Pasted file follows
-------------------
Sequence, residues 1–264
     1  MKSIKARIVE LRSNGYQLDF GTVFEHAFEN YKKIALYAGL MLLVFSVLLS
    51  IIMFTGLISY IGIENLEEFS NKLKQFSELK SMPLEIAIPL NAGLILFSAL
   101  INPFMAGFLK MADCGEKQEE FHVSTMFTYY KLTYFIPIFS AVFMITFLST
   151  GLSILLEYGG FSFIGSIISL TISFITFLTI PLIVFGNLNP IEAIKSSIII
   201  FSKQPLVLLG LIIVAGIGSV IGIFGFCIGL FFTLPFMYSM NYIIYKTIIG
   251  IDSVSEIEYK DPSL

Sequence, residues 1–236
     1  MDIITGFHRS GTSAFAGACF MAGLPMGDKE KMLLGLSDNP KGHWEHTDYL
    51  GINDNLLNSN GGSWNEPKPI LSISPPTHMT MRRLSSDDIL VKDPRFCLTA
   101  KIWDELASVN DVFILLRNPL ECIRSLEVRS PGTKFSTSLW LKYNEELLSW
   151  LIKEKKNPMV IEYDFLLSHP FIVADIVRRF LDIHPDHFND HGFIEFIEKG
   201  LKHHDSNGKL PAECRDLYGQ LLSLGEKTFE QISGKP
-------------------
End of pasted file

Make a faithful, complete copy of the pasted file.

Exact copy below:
Sequence, residues 1–264
     1  MKSIKARIVE LRSNGYQLDF GTVFEHAFEN YKKIALYAGL MLLVFSVLLS
    51  IIMFTGLISY IGIENLEEFS NKLKQFSELK SMPLEIAIPL NAGLILFSAL
   101  INPFMAGFLK MADCGEKQEE FHVSTMFTYY KLTYFIPIFS AVFMITFLST
   151  GLSILLEYGG FSFIGSIISL TISFITFLTI PLIVFGNLNP IEAIKSSIII
   201  FSKQPLVLLG LIIVAGIGSV IGIFGFCIGL FFTLPFMYSM NYIIYKTIIG
   251  IDSVSEIEYK DPSL

Sequence, residues 1–236
     1  MDIITGFHRS GTSAFAGACF MAGLPMGDKE KMLLGLSDNP KGHWEHTDYL
    51  GINDNLLNSN GGSWNEPKPI LSISPPTHMT MRRLSSDDIL VKDPRFCLTA
   101  KIWDELASVN DVFILLRNPL ECIRSLEVRS PGTKFSTSLW LKYNEELLSW
   151  LIKEKKNPMV IEYDFLLSHP FIVADIVRRF LDIHPDHFND HGFIEFIEKG
   201  LKHHDSNGKL PAECRDLYGQ LLSLGEKTFE QISGKP